For our example we simply tell this function to return the defined constant NSDragOperationCopy. This lets our NSTableView object know that it is alright to perform the drag operation. It also lets it know what type of operation should be performed. In this case the operation we want to perform is a copy.
The last function that must be implemented by our class will allow the NSTableView object to accept the drop that was just validated. Please note that you are required to implement this function if your application uses dragging and dropping.
def tableViewacceptDroprowdropOperation(self, tableView, info, row, dropOperation): pboard = info.draggingPasteboard() myString = pboard.stringForType_(NSTabularTextPboardType) myList = myString.split(“\t”) pos = myList toInsert = myList popPos = int(pos) self.abcList.pop(popPos) if popPos > row: self.abcList.insert(row, toInsert) else: self.abcList.insert(row - 1, toInsert) self.tableView.reloadData() return True`
Again, it is important to note that this function is required for dragging and dropping to function correctly.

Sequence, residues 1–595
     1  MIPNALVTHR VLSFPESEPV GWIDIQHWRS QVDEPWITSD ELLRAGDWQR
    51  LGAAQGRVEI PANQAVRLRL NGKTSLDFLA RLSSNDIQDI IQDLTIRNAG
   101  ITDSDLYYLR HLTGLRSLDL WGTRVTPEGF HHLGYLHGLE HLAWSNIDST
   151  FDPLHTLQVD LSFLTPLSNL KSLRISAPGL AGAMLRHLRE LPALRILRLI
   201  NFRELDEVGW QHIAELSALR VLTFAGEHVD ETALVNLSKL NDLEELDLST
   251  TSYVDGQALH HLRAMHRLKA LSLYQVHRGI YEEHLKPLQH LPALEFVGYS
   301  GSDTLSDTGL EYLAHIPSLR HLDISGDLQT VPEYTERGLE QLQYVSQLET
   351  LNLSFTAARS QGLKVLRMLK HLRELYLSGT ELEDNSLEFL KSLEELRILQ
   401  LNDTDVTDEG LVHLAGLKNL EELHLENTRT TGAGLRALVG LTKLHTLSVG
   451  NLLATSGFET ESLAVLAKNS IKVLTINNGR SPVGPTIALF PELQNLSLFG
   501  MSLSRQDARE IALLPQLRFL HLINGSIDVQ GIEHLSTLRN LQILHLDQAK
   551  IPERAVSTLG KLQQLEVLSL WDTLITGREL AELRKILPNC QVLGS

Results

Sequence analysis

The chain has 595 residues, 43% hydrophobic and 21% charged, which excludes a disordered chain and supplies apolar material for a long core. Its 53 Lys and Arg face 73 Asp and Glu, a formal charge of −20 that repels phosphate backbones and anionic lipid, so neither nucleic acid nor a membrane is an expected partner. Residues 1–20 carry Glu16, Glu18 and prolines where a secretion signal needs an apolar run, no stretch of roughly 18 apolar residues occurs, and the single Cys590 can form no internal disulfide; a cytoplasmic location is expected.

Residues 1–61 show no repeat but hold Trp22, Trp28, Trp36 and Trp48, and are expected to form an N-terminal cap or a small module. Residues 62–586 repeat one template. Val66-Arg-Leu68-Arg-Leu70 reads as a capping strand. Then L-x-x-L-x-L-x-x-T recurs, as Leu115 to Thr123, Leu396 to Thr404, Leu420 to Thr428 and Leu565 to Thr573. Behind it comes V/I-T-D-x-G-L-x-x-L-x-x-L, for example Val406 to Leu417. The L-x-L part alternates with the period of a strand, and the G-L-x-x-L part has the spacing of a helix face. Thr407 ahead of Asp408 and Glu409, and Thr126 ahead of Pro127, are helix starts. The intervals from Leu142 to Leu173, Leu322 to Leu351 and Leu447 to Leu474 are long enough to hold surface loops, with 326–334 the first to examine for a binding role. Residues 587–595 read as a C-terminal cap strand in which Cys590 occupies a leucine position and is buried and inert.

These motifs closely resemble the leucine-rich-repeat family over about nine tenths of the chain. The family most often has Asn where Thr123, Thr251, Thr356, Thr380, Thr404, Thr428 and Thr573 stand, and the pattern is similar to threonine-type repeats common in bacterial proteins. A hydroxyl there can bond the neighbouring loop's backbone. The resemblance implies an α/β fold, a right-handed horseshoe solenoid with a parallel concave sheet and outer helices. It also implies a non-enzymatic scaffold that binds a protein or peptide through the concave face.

First we need to grab the NSPasteBoard object that was sent in with the info parameter, and we store that into a variable. Next, we grab the data (in string form) from that NSPasteBoard object, and we store that as well. Since the data was stored earlier as a tab delimited string, we need to split the string into its appropriate pieces. This will give us a list containing two objects. The first is the row that the data came from, and the second object is the letter contained at that row. Next we need to make sure that row number is actually an integer. Once we have the row number as an integer, we tell abcList to pop() that position. This will keep us from having duplicated data in abcList. Next we need to check whether or not the row number we retrieved from our list is greater than the row number passed in as a parameter to the function. If it is greater, we simply insert the row number and the letter data into abcList. If it is not greater, we insert the row minus 1 and the letter data into abcList. This greater than check keeps us from trying to insert data into a row number that doesn’t exist (such as row -1). We then need to tell the NSTableView object to reload its data to make sure the changes we have made actually appear correctly. Then we simply return True.
This is all you need to implement simple dragging and dropping in a Cocoa-Python application using PyObjC.